On July 6, an ATV accident in Modesto claimed the life of a 17 year old rider. The teenager was thrown from the ATV after he lost control of the vehicle and it rolled over several times. Before the youth died his injuries included paralysis, brain damage, a cracked skull and a broken collar bone. His grandmother told local news outlets that doctors gave the victim 17 pints of blood and 15 pints of platelets. The cause of death was multiple injuries to his head, chest and abdomen.
In a different accident, also on July 6, a 17 year old girl died in an ATV rollover. The girl had been attempting to climb a small hill but was at a bad angle when she did so, resulting in the ATV overturning and landing on her. Meanwhile, in yet another accident, a 14 year old girl died when the ATV she was riding in hit a tree. Two other youths were also involved in the accident and were taken to hospital.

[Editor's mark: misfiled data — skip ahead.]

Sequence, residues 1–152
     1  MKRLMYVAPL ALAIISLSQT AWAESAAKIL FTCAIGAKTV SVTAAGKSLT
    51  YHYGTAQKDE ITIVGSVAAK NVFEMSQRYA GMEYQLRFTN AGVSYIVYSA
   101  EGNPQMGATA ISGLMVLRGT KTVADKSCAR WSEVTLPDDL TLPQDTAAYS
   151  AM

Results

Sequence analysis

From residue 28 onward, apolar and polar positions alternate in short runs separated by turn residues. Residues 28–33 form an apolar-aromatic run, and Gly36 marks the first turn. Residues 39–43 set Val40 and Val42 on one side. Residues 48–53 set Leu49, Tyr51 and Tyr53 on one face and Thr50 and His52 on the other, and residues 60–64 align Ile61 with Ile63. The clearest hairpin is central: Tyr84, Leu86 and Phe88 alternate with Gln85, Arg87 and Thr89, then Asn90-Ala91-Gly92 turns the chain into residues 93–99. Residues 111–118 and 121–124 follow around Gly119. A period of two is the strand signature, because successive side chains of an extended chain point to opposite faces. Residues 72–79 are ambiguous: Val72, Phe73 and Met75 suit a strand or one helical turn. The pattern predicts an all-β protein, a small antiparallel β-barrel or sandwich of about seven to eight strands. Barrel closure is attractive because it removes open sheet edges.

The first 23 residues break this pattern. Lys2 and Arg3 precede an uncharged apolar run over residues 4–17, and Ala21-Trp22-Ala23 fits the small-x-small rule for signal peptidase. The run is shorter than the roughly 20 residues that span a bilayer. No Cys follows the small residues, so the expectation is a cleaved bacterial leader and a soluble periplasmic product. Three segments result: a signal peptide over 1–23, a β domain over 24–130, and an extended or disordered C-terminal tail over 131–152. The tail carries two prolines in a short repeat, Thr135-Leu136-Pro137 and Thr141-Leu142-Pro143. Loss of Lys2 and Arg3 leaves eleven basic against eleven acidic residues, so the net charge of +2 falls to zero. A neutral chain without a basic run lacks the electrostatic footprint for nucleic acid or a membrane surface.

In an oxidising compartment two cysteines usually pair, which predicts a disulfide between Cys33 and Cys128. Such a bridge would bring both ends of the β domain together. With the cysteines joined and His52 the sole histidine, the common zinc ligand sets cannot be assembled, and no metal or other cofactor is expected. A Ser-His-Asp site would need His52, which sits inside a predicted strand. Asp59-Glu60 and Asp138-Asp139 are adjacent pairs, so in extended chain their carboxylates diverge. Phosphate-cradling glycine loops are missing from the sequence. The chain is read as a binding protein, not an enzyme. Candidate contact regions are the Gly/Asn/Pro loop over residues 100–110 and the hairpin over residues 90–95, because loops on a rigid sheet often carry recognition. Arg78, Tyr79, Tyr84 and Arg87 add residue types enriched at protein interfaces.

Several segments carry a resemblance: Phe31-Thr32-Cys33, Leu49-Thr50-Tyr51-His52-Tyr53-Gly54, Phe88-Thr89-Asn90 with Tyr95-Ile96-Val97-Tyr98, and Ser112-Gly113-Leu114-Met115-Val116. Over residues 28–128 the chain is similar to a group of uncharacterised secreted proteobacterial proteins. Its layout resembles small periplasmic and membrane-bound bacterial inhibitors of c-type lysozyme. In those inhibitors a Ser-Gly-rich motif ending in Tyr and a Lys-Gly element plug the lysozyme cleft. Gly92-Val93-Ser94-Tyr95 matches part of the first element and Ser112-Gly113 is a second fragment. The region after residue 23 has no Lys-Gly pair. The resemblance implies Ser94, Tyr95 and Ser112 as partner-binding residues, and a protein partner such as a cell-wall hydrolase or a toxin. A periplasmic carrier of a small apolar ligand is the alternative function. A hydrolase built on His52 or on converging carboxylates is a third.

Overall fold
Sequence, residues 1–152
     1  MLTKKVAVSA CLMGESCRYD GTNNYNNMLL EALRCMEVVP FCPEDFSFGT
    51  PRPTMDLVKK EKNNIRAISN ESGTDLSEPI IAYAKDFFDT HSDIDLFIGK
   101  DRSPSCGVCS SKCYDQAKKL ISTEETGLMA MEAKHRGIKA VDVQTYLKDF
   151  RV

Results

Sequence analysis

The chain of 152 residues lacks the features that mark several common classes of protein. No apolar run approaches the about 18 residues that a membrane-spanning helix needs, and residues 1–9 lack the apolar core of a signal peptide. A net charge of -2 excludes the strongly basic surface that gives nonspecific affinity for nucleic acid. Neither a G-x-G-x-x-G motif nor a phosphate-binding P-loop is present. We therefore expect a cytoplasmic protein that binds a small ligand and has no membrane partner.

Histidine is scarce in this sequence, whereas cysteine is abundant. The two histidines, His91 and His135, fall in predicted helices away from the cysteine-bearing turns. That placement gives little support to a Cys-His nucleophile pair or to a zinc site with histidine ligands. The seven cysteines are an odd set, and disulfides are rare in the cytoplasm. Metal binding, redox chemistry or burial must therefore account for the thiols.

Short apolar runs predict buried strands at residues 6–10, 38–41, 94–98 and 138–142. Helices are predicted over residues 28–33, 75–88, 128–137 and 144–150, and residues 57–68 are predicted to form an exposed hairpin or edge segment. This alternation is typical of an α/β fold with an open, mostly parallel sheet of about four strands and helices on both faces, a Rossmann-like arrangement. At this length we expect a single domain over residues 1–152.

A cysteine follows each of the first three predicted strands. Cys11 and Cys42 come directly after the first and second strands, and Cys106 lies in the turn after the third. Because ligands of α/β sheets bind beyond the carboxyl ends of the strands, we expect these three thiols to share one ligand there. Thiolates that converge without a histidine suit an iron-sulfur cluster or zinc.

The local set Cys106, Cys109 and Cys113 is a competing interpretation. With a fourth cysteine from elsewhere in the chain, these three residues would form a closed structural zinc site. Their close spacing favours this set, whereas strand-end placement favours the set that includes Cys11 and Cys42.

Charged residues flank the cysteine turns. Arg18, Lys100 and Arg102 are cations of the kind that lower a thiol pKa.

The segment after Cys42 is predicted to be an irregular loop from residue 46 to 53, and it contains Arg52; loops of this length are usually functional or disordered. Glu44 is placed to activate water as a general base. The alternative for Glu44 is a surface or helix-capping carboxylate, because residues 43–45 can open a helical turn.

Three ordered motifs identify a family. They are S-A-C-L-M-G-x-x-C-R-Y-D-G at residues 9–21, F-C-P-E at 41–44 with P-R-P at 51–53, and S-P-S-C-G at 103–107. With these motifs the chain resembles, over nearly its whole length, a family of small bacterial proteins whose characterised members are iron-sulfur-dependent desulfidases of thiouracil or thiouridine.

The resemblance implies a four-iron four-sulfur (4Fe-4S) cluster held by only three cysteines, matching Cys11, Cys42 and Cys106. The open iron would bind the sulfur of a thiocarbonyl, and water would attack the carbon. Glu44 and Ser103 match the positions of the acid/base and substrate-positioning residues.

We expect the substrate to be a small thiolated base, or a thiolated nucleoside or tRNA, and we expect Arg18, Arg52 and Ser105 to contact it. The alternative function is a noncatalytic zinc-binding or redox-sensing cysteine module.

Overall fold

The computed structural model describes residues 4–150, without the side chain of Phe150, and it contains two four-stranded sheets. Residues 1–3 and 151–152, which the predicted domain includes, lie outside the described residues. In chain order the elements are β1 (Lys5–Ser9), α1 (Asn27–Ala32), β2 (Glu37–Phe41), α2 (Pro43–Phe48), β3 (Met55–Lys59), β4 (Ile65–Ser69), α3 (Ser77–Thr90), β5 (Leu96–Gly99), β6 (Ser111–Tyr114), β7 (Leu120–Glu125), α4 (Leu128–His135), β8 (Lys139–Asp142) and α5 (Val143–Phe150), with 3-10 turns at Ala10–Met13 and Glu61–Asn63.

According to the US Consumer Product Safety Commission, between 1982 and 2001, the Commission received reports of 4,531 ATV-related deaths. Of those deaths, 38 percent were youths under the age of 16 and 18 percent were under the age of 12. Furthermore, in 2005, the CPSC received reports of 870 ATV-related deaths and approximately 146,000 injuries requiring emergency room treatment.
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Another truth about ATVs is that any number of conditions can result in an ATV rollover. These include driving too fast for conditions, attempting to drive a hill at a steep incline or turning too quickly. What makes the situation so unpredictable is that some ATVs have a high center of gravity, a narrow wheelbase and a lack of proper safety features to protect ATV riders in case of an accident. Experienced drivers have reported that they felt they were driving at a safe speed and not attempting anything dangerous when their ATV flipped.
Various ATV makers, including Yamaha, face lawsuits filed by people who were seriously injured in ATV accidents. The suits allege that the vehicles were defectively designed, resulting in injury and even death.